An Easy Tomato & Basil Sauce Recipe From Stuff You Have In Your Kitchen

With social distancing guidelines and shelter in place laws in effect at least through the end of the month, it’s time to start taking this seriously and not leaving your house unless it’s absolutely necessary. Part of that means not going to the grocery store for one loaf of bread or because you ran out of LaCroix, and instead, learning to get creative with the items you already have in your kitchen.

When the instructions for social distancing and self-isolation came from Governor Newsom here in California, one thing I didn’t have to worry about was being able to eat from my pantry. It’s not that I’m a canned food fan. In fact, I much prefer the type of foods that live in the refrigerator: fresh vegetables, juicy fruits and select organic proteins. It’s more that I’m a fundamentally lazy person. Yes, I may have written a 500-hundred page cookbook, BUT if given the choice to go into my car and drive in L.A. traffic to go to the supermarket, where I then have to find parking before grocery shopping, versus sit on my couch and watch an episode of Silicon Valley until I fall into an hour-long slumber, I choose the latter. I really love a good nap.

So, because I am lazy, at times, I find myself hungry without fresh food in the house. I don’t like ordering in, and so it is in these moments that I get the most creative in my kitchen. Fueled by hunger for a proper meal, I play with the ingredients I find buried in my pantry, a skill that’s become especially useful now that we are supposed to be limiting trips to the supermarket.

Since everyone is making pasta like never before, I thought I’d start off with a simple sauce recipe that even the laziest of us can accomplish.

Recommendation: Read through recipes outside the kitchen, like on the couch or even when you’re in bed. Get a feel for how each one works. That way if you’re missing some ingredients, you can come up with alternatives before you find yourself in the throes of cooking. For example, if you read through this recipe thinking “I don’t have red pepper flakes for the sauce,” take an inventory of your pantry to see what else you might have—maybe you’ve got some cayenne sitting around. Or maybe you’ll think, “I have a jalapeño I can chop up.” The point is to not go running out for spices or other ingredients, and figure out how to make do with what you’ve got. And by the way, if you have none of those heat-adding touches on hand, just make it without the spiciness (it will still taste fine, I promise). The purpose is to use these recipes as a template for you to get creative in your pantry, which is a lesson that will serve you well past the end of quarantining.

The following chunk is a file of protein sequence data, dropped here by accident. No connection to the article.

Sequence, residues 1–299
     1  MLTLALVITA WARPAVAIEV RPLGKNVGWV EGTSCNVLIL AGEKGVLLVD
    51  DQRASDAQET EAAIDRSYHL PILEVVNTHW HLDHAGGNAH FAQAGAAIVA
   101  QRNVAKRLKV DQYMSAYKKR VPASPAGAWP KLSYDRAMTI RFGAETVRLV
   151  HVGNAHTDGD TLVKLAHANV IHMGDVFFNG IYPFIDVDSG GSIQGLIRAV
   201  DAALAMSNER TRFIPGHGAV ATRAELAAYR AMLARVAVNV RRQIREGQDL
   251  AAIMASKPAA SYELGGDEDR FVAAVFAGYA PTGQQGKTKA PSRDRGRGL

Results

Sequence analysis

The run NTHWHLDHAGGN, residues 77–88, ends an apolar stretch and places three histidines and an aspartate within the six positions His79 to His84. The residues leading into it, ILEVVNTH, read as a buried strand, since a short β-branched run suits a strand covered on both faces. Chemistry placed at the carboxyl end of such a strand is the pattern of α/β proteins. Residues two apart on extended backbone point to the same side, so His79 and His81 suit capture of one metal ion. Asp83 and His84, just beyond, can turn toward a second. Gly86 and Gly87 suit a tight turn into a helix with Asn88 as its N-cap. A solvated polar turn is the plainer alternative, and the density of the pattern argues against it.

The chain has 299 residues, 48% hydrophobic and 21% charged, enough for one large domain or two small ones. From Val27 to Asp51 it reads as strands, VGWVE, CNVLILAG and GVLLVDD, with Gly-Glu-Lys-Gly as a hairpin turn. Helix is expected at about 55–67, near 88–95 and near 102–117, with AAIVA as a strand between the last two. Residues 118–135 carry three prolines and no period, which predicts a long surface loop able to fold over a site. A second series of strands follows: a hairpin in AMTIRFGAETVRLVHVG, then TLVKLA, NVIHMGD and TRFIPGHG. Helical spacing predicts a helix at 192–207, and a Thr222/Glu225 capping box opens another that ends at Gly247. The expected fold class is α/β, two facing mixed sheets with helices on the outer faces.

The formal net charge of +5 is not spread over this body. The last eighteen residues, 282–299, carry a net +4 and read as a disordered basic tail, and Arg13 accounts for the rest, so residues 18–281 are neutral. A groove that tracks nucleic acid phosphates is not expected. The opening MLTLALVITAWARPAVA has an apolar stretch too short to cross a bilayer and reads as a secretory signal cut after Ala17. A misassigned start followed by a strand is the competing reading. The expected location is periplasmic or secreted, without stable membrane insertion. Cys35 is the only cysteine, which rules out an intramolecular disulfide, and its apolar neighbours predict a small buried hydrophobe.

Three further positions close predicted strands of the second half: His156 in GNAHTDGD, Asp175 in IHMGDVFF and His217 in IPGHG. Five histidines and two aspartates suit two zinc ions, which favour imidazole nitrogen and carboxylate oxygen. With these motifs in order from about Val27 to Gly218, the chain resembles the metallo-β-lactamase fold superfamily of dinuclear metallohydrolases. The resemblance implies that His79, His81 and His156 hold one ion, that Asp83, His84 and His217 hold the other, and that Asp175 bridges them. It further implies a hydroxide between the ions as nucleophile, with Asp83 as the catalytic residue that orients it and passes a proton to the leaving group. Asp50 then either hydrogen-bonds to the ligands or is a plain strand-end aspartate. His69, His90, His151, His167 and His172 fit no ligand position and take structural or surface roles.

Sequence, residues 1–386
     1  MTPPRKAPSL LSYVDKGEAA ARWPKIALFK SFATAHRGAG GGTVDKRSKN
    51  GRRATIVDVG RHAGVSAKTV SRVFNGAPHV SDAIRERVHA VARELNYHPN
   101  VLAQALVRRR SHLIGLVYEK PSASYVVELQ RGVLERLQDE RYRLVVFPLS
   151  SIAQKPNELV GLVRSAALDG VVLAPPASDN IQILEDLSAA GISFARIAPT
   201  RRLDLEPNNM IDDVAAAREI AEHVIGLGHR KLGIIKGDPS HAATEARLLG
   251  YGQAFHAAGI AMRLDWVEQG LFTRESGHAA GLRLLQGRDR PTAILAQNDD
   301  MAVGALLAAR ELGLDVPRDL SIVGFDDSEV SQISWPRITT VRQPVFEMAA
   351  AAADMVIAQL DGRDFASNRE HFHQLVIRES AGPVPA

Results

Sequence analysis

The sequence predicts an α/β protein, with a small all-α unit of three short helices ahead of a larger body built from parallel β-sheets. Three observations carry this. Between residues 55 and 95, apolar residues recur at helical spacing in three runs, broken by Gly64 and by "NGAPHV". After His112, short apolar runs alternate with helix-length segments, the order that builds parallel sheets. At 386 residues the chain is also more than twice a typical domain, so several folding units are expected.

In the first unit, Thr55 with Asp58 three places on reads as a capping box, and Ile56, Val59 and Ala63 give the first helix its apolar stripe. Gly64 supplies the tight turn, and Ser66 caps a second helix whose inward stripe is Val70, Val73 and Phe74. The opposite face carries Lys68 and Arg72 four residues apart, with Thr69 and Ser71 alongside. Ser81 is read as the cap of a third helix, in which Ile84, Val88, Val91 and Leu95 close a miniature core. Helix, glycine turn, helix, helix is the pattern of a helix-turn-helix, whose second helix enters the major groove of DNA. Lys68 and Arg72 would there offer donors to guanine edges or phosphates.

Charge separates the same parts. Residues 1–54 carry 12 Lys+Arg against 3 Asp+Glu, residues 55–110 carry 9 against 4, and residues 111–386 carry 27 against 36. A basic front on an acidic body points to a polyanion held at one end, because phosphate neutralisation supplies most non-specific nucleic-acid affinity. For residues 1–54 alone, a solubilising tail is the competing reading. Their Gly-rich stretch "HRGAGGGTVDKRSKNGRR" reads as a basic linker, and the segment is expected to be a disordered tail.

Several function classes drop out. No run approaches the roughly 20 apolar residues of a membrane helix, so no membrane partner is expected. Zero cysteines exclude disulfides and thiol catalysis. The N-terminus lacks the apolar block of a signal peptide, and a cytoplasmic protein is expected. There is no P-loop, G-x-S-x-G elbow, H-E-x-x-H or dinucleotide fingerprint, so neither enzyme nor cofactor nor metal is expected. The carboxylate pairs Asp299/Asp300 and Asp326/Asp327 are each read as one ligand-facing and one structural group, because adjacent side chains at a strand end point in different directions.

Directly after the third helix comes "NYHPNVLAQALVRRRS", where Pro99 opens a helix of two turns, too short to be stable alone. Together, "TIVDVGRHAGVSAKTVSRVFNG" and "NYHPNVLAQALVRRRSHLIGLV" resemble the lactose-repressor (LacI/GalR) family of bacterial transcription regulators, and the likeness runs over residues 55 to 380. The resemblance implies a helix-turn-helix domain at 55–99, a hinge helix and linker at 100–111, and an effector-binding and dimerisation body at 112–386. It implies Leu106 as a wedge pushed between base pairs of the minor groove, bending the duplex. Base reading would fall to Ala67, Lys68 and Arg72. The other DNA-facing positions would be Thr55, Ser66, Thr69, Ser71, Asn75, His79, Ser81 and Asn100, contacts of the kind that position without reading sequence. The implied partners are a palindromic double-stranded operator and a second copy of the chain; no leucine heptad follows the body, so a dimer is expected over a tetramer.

So without further ado, let’s make a simple tomato and basil sauce from the ingredients that have probably been sitting in your pantry for months.

Simple Tomato and Basil Sauce

I like canned tomatoes for certain sauces, because they’re just as good in the winter as they are in the summer—unlike fresh tomatoes, which are only good in summer—and they lend themselves to a richer sauce, with very little work.

This sauce doesn’t have many ingredients. It’s the opposite of Emeril Lagasse’s “BAM, BAM BAM!” explosions of flavor. This sauce is about harmony, about letting the garlic and whole basil leaves gently infuse their flavors into the tomatoes. The carrots add sweetness to the tomatoes naturally, without sugar, and lend a mildly earthy flavor.